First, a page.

Non-gobbling turkeys both right of the roost and during the mid-day hours can be a very defeating thing. It can be tough to muster up the determination and focus it takes to actually spend the time that it can take to kill a high noon gobbler. That being said, more mid-days have taken a dirt naps simply because the turkey hunters pursuing them find it themselves to post up and stick it out for the long haul.
From 9 a.m. to noon can be an excellent time to put a bead on the big red, white, and blue noggin of a mid-day gobbler, here are a couple of reasons why. If you find yourself unsuccessful right off the roost, there is a very good chance that the birds you are chasing of found exactly what they are looking for, and that’s their lady friends. While it can be very discouraging there are some benefits here. Later in day, those love sick long beards from the morning will have most likely handled their business. Once a hen is bred, they will typically leave the gobbler in search of nesting locations, potentially leaving that ole’ boy all alone and looking.
While most turkey hunters might be picking up and heading out, others are digging in and preparing to wait the birds out. This strategy is commonly over looked, over thought, and underutilized. If you find yourself in area where there are commonly long beards, regardless if they are gobbling on the limb or not, it can pay huge dividends to hang out and plan to spend some significant time. That is not to say that you shouldn’t move if you feel you can make a play on a long beard, however, if you have done your homework and know that you are in an area where birds frequent then you should plan to stick it our regardless of what happened right off the limb.
These birds might come in silent, one might simply come strolling through and all of sudden you may have your ear drums blown out as they come in gobbling heads off out of nowhere. Once thing is for sure, if a gobbler responds to your calling right off the roost, whether they head your way or not there is very chance they will remember that they heard a love sick hen and can come looking after they have handled what they needed to handle. So do not lose faith, and plan to stick it out.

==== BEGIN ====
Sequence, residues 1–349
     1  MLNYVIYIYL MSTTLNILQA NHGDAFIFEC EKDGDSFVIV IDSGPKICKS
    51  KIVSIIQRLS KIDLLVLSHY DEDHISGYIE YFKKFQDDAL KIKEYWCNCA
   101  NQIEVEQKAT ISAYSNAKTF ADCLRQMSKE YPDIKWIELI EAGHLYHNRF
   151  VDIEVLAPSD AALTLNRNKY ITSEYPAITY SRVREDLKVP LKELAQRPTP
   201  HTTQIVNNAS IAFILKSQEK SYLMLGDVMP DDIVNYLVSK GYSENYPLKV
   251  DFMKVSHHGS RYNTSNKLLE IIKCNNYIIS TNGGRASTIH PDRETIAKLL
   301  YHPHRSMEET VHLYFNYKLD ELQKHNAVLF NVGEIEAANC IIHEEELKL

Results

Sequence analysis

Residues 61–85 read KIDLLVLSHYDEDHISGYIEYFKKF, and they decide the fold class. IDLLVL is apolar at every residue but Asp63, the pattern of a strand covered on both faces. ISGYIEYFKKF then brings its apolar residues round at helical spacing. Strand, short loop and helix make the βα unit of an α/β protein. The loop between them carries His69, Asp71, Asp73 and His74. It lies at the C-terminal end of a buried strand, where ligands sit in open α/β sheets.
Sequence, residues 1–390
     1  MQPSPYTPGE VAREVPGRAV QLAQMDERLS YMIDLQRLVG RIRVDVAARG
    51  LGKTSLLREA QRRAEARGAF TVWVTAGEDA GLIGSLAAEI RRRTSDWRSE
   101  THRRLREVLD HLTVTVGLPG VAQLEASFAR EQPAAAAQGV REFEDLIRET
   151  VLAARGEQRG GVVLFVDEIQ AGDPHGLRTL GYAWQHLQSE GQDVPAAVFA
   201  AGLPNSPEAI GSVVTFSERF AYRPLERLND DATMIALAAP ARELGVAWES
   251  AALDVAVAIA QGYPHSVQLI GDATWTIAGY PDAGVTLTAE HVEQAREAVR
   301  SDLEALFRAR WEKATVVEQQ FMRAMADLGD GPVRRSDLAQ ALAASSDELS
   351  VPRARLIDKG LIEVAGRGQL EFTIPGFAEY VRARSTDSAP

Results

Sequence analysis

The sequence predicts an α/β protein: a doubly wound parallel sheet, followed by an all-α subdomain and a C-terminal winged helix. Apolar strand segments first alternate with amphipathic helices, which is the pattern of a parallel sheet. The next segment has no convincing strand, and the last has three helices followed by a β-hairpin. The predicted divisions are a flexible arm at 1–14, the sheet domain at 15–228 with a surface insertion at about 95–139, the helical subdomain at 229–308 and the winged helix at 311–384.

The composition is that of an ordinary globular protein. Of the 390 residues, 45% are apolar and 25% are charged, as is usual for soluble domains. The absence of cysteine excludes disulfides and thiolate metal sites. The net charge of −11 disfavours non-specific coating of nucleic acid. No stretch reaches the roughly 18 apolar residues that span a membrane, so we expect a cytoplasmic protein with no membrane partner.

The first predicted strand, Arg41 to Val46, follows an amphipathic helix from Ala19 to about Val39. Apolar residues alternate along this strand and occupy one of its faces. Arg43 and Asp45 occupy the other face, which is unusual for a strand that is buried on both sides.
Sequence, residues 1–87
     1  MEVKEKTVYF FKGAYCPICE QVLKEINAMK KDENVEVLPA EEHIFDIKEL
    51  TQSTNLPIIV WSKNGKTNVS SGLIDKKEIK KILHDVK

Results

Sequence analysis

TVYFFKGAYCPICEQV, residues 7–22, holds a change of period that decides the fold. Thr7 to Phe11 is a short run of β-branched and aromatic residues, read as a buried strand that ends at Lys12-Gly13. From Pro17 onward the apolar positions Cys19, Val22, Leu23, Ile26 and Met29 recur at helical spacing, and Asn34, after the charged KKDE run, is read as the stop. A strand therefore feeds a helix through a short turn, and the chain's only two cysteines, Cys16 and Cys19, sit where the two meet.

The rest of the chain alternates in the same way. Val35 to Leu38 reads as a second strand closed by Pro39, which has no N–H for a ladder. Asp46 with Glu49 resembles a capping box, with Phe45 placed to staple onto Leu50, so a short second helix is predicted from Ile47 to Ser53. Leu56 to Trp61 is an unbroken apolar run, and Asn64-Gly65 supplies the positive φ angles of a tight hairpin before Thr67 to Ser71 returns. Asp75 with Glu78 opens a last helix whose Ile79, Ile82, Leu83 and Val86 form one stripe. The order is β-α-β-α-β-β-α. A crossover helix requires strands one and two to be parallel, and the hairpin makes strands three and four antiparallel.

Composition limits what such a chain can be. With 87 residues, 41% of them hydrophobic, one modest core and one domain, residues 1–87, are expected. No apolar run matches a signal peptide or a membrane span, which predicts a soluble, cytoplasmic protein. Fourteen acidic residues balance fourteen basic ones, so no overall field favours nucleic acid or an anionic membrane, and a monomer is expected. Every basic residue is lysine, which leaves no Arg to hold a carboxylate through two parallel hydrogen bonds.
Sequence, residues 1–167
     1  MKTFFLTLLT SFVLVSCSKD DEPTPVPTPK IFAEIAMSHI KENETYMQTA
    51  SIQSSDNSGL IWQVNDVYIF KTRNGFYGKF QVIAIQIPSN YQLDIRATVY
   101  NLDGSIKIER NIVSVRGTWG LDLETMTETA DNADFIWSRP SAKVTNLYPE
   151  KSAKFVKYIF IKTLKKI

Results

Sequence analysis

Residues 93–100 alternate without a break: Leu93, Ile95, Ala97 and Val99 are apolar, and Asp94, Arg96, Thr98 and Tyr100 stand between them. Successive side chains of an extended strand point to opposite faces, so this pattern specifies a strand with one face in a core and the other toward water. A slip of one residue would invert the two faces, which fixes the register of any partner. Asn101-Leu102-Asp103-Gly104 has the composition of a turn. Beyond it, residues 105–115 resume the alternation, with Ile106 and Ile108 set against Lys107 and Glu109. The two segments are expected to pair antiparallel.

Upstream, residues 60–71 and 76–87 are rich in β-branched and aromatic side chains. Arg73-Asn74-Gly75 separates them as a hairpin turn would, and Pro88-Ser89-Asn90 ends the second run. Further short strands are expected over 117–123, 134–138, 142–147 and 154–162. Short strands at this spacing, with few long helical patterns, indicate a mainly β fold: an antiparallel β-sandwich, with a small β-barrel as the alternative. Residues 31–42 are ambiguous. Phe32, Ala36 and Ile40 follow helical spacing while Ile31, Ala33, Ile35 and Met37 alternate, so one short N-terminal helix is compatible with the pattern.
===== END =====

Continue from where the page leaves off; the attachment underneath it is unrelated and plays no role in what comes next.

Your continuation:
Striking a Gobble
While waiting out a stubborn, non-responsive long beard can be extremely effective in putting a gobbler on the ground, for some turkey hunters, that’s just not their style. Running and gunning can be an effective mid-day strategy. This simply put, is a method of covering a lot of ground in the hope of locating a gobbling turkey. This may be a bird that is all alone and can easily be convinced to come in or it could be a boss gobbler that has his hens and is just feeling frisky.
Striking a gobble on a mid-day turkey depends both the turkey hunter and the turkey. There are some birds that may not gobble regardless of what you toss their way, while others can be more easily provoked. The trick with striking a mid-day gobble from otherwise quite tom really is frequency and repetition. Typically high pitched calls, whether it is a locater call or a hen cutter, can usually get the job done. The trick that some may over look in terms of technique for striking a mid-day gobble is persistence. Many will give up and move on to another location before giving the bird a chance to respond. Sometimes it can take a mid-day bird a minuet to warm up. Give it a good five to ten minutes before moving on to ensure there is a love sick bird close.
Mid-day gobblers are challenging, there is no question about that. That being said, it is a challenge through persistence and perseverance can be overcome with success. The next time you find yourself facing the challenge of non-gobbling turkeys, just remember to rely on your scouting and hunt the turkey not the gobbler. Plan to spend some time in the pop up blind and settle in for the day. You just might be surprised at what can happen when hunting those mid-day gobblers.